Skip navigation
Strong Box Office Numbers Lead to More Traffic at Shopping Centers

Strong Box Office Numbers Lead to More Traffic at Shopping Centers

It’s the holiday season, which means blockbuster movie releases.

From Star Wars: The Force Awakens and the final installment of The Hunger Games to the next James Bond movie, Spectre, and the highly anticipated release from Disney-Pixar, The Good Dinosaur, the movie release slate for 2015 is stronger than it’s been in years.

And that translates into more earnings for movie theater operators and greater foot traffic at the shopping centers in which they’re located. Consider this: during the recent economic downturn, same-store sales were declining in all categories except theaters.

“Entertainment and mixed-use developments are the ‘darling’ of both the open-air and enclosed sector developments and as such, theaters act as distinct anchors,” says Timothy Steffan, president of the eastern division of Retail Properties of America, Inc., which owns over 200 retail properties nationwide. “Some of the most successful developments within our portfolio also include theaters.”

Steffan points to Southlake Town Square in Southlake, Texas, The Shops at Legacy in Plano, Texas, and Eastwood Town Center in East Lansing, Mich. “[The presence of a theater] not only increases foot traffic for the soft and hard goods retailers, but also for the quick and better quality sit-down food services,” he says.

More moviegoers

So far this year, industry box office receipts are over $8.8 billion, which is 5 percent ahead of last year and almost 2 percent ahead of the previous record total experienced in 2013. In fact, more people are going to the movies today than ever before, if the new theater experience exists in the market, says Mathew Focht, president of emerging concepts and director at Consolidated Concepts, which specializes in increasing the margins of mid-size emerging concepts.

Focht’s firm represents Silverspot Cinema, a high-end cinema chain with origins in South America. The chain has experienced significant growth over the past few years, including U.S. locations in Naples and Coconut Creek, Fla. and Chapel Hill, N.C. It plans to open theaters in downtown Miami and Beachwood, Ohio in 2017.

Silverspot Cinema and other new theaters, including IPIC, Movie Tavern and Alamo Draft House, are increasing movie market share. Focht points to Silverspot in Naples, Fla., which has grown the market by 50 percent.

“In our core markets we definitely see a demand for state-of-the-art cinema and the people who want to pay the ticket price to enjoy it,” Steffan says. “Greater experiences with in-theater dining are becoming more common place within the entertainment category. The result is that patrons are spending more time at movie theaters, frequenting them more often and increasing property foot traffic and sales. A strong theater, pushing property wide traffic, drives value of the overall project.”

Previously, Focht organized a theater study that showed theaters provide great synergy with both restaurants and retail stores. “Someone seeing a movie is likely to purchase something at a retail store before or after a show,” he says.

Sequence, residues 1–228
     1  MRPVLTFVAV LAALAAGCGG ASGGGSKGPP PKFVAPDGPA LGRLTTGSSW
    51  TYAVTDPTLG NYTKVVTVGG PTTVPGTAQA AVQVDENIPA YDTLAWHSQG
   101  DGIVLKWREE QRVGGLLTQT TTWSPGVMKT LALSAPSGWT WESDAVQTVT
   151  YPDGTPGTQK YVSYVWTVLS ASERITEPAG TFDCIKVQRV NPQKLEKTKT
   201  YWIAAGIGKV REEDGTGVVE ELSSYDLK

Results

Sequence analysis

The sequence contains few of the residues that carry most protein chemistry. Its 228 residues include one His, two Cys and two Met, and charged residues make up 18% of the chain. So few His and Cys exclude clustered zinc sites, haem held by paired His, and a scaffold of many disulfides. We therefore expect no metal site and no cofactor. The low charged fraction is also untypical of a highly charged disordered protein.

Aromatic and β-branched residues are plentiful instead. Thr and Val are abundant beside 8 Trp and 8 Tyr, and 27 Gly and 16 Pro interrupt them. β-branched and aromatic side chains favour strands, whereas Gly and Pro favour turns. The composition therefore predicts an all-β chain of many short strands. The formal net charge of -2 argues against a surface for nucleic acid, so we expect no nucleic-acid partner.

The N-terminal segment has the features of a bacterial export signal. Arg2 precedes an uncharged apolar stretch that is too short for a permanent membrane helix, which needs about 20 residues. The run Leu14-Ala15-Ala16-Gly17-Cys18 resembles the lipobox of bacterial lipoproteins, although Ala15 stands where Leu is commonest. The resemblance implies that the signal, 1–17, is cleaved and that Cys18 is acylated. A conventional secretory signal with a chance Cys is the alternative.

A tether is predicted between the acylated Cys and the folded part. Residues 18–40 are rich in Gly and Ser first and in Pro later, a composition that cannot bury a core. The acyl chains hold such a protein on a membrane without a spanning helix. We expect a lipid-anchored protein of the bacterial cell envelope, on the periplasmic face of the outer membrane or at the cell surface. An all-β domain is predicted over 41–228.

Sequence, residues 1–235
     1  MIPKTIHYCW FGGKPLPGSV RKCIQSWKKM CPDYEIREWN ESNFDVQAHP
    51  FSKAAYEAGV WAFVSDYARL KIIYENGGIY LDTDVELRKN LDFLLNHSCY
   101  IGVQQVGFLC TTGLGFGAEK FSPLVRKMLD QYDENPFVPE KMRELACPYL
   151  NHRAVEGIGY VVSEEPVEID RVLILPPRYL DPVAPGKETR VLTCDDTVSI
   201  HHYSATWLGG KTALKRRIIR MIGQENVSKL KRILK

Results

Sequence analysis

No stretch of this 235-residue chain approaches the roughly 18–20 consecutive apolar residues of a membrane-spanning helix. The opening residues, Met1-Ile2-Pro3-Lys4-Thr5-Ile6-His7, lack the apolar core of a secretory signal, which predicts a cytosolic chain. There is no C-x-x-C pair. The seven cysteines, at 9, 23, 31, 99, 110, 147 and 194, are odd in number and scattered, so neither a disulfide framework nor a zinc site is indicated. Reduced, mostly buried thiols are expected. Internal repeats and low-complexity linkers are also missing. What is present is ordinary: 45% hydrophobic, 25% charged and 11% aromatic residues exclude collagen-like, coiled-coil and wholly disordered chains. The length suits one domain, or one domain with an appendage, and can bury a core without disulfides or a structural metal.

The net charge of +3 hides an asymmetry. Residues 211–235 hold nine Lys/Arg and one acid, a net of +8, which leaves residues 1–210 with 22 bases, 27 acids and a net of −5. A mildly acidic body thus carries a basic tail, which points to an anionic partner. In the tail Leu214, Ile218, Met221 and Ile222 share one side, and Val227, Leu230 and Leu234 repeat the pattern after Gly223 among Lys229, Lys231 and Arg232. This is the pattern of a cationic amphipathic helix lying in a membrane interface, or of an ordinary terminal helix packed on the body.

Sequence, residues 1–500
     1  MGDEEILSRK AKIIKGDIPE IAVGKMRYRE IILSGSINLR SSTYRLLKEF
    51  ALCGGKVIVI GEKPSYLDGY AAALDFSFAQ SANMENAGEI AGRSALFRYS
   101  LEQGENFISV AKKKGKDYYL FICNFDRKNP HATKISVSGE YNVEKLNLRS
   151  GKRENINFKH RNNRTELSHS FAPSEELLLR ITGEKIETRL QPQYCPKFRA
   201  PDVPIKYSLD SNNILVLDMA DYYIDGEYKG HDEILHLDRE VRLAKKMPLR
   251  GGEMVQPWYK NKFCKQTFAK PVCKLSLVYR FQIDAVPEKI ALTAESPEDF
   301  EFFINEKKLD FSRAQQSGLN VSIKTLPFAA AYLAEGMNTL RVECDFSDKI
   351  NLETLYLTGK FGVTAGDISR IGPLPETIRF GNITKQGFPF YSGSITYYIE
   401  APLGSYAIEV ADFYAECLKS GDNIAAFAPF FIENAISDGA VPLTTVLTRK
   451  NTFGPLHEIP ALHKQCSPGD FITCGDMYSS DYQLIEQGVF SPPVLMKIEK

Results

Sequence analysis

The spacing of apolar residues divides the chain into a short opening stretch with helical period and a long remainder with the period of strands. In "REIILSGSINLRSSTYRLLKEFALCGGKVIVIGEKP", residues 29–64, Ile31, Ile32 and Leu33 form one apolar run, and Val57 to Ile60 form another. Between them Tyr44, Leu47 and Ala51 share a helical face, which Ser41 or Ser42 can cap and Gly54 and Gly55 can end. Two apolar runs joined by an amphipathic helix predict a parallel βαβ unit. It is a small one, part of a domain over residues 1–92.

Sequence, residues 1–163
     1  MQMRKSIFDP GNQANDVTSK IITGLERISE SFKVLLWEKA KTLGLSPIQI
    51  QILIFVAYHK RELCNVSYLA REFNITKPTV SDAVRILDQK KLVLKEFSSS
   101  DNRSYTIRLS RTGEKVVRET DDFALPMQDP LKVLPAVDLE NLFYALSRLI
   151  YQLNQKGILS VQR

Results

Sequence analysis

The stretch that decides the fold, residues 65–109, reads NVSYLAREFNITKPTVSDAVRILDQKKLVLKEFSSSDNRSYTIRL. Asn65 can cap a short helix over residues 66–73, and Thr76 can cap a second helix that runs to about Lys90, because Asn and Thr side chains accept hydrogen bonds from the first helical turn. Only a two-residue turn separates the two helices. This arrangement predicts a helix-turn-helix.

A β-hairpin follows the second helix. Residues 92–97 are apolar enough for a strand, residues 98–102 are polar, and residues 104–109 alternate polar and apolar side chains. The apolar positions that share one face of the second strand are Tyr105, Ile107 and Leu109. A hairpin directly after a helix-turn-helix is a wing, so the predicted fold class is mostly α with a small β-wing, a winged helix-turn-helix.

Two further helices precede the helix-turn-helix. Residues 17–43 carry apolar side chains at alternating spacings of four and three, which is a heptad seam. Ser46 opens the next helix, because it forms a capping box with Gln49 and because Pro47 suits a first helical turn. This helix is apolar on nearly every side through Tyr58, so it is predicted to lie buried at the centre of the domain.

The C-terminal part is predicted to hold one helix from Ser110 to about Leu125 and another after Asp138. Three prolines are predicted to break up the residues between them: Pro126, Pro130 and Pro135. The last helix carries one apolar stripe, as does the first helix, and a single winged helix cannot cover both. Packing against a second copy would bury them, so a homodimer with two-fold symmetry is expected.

There wasn’t as high synergy with someone seeing a movie before or after having dinner. “A two-hour movie experience followed by a dinner experience for one to one and a half hours makes a long evening for most people,” Focht says. “Therefore, providing a high quality dining experience that can be served under an hour is very attractive to a moviegoer.”

Theater transformation

Movie theater operators are doing some interesting things to improve the movie experience and entice people to come to their theaters more frequently, including reclining seats and improved food and beverage offerings.

On average, full-service theaters occupy approximately 40,000 to 60,000 sq. ft. But there’s a trend toward smaller footprints with fewer seats, with theater operators generating cash via higher seat utilization and more food and beverage sales.

Cinemark, for example, is in the midst of repositioning its theaters with reclining seats. By the end of the year, the company anticipates a cumulative total of nearly 400 screens with reclining seats, according to CEO Mark Zoradi. Likewise, AMC Entertainment Holdings expects to have nearly 250 additional screens on-line with recliners before the holiday movie-going season begins.

The improvements that movie theater operators are making are changing the industry, just like stadium seating did in early 2000s, experts say. And landlords are right in the middle of this transformation because most operators lease their space and look to landlords to help finance the build-out.

Landlords are willing to invest in a shell delivery and contribute cash allowance to a theater operator, but the degree of investment varies based on how beneficial a theater will be as an anchor.

“Theaters have begun offering a first class experience with dine-in movies, cocktail bars, special events and luxury seating,” Steffan says. “This has resulted in more owners once again seeing theaters as a positive part of the retail mix, making them more desirable as an anchor tenant.”

TAGS: News Leasing
Hide comments


  • Allowed HTML tags: <em> <strong> <blockquote> <br> <p>

Plain text

  • No HTML tags allowed.
  • Web page addresses and e-mail addresses turn into links automatically.
  • Lines and paragraphs break automatically.